That deal fell apart. And in 2009, the postal service auctioned off the building to William Davies—a British developer—for about $25 million.

So much for the land having no value.

Davies was what you might call an property scavenger. That is, someone who buys potentially valuable property, then sits on it until someone else who actually wants to develop it comes a calling.

He certainly was in no hurry to pay his property taxes—running up a bill that reached more than $600,000, according to an article in Crain's by Alby Gallun.

Earlier this month, the mayor announced that—under pressure from his administration—Davies had sold the post office and the building next to it to a company called 601 W.

These names could drive anyone crazy.

In that transaction, Davies sold the structures for about $130 million.

That means Davies was "punished" for being an absentee owner by making millions.

Hey, man, where's the line for that punishment?

(Incidentally, Davies died just a few days before the deal went through.)

The mayor says that 601 W plans to turn the post office into a mixed-use complex that includes "a three acre rooftop park complex with a sports and fitness center" complete with a "quarter mile running track."

We still can't afford to build indoor running tracks for our public schools, but there's always plenty of money for another downtown health club.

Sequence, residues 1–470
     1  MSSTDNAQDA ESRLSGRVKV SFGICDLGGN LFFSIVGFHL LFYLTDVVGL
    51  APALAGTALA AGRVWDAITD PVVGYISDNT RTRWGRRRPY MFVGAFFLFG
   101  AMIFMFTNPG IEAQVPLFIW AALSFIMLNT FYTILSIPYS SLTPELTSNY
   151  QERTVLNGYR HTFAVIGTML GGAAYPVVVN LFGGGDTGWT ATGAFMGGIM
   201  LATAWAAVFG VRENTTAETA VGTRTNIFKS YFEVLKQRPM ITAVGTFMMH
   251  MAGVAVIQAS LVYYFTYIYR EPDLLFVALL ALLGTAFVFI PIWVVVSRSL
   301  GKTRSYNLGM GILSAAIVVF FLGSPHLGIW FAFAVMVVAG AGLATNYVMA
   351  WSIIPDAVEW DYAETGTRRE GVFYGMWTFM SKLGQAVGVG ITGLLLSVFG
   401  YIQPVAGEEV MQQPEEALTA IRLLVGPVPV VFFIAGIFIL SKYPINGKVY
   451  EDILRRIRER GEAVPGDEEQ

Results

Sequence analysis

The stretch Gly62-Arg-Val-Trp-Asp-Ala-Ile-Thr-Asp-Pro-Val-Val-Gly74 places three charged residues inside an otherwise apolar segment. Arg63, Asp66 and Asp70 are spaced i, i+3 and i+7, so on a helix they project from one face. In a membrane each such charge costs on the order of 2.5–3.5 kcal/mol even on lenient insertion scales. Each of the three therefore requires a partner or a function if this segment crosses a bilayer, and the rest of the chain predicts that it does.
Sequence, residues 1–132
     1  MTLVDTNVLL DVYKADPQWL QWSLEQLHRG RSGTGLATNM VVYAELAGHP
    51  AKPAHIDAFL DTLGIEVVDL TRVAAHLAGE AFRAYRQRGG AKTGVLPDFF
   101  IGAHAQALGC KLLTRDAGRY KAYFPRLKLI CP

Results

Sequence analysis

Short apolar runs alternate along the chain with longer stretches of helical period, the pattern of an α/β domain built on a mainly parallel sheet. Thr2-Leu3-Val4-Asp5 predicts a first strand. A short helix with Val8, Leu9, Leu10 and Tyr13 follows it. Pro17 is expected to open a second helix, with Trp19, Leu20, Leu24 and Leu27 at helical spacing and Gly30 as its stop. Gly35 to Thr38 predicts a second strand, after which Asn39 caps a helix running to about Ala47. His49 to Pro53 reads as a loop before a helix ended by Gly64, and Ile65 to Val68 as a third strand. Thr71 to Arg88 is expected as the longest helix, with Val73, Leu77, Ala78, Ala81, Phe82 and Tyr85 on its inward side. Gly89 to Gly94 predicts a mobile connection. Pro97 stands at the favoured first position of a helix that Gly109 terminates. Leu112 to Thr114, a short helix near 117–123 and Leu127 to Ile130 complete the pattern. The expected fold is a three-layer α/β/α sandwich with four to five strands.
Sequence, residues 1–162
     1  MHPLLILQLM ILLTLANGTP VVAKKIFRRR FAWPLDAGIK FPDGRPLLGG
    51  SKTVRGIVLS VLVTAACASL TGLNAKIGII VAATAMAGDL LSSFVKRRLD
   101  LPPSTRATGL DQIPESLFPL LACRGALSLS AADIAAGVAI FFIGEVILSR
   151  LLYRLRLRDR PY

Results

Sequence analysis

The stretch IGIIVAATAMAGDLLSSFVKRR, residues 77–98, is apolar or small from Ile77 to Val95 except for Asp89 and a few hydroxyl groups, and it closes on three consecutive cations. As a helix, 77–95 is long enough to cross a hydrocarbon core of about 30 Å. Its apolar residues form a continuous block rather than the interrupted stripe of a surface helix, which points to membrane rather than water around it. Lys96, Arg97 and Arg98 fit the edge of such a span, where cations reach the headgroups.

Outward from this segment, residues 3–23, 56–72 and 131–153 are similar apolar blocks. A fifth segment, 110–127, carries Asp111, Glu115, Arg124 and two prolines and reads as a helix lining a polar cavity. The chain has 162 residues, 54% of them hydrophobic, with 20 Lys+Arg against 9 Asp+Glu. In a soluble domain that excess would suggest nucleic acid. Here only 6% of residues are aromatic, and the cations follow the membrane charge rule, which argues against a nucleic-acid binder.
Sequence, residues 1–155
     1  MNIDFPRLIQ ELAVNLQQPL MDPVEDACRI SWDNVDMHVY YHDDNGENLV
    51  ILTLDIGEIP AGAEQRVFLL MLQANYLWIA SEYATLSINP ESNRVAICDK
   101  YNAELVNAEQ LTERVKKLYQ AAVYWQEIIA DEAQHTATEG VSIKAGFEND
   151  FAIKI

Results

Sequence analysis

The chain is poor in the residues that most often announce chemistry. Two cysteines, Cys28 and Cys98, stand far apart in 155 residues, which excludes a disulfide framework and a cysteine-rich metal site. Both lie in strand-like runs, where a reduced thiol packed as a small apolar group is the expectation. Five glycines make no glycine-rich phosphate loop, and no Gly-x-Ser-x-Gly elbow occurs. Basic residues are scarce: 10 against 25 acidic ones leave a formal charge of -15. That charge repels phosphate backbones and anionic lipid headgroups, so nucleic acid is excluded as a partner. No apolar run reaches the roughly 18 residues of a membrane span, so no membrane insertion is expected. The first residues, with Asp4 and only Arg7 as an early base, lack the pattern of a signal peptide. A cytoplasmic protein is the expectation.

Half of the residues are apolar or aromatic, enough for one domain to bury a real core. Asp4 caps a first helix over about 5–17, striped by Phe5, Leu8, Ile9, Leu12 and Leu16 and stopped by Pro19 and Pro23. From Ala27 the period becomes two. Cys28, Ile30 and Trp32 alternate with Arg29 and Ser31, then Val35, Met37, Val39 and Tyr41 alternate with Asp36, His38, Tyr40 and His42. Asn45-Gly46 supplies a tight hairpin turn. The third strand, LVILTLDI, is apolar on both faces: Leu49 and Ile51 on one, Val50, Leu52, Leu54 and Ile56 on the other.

Once again, the mayor hasn't said that this project will tap into TIF dollars.

But, like I said, it's probably only a matter of time—if only to help the new owner offset the cost of spending all those millions to buy the land from Davies.

So, in effect, the taxpayers will be subsidizing the profits that Davies—or his estate—received for being the scavenger owner.

Ah, capitalism.

Maybe I shouldn't be so hard on Mayor Emanuel. Throwing TIF money at developers is what Chicago mayors do.

Mayor Daley did it for the better part of the 90s and 00s, and look where that got us. We can't adequately fund our schools because the tax growth from the new development is diverted to the TIF fund that underwrites the developer's profits.

It's a form of madness, people. Maybe we should call Rezko Village the loony bin. v